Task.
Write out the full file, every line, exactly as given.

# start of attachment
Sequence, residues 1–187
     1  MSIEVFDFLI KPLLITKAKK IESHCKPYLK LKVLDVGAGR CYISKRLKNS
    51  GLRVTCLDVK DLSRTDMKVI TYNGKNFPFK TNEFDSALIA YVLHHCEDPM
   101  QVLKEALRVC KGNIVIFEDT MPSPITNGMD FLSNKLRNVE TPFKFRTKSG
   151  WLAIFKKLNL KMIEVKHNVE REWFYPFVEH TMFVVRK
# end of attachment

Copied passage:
Sequence, residues 1–187
     1  MSIEVFDFLI KPLLITKAKK IESHCKPYLK LKVLDVGAGR CYISKRLKNS
    51  GLRVTCLDVK DLSRTDMKVI TYNGKNFPFK TNEFDSALIA YVLHHCEDPM
   101  QVLKEALRVC KGNIVIFEDT MPSPITNGMD FLSNKLRNVE TPFKFRTKSG
   151  WLAIFKKLNL KMIEVKHNVE REWFYPFVEH TMFVVRK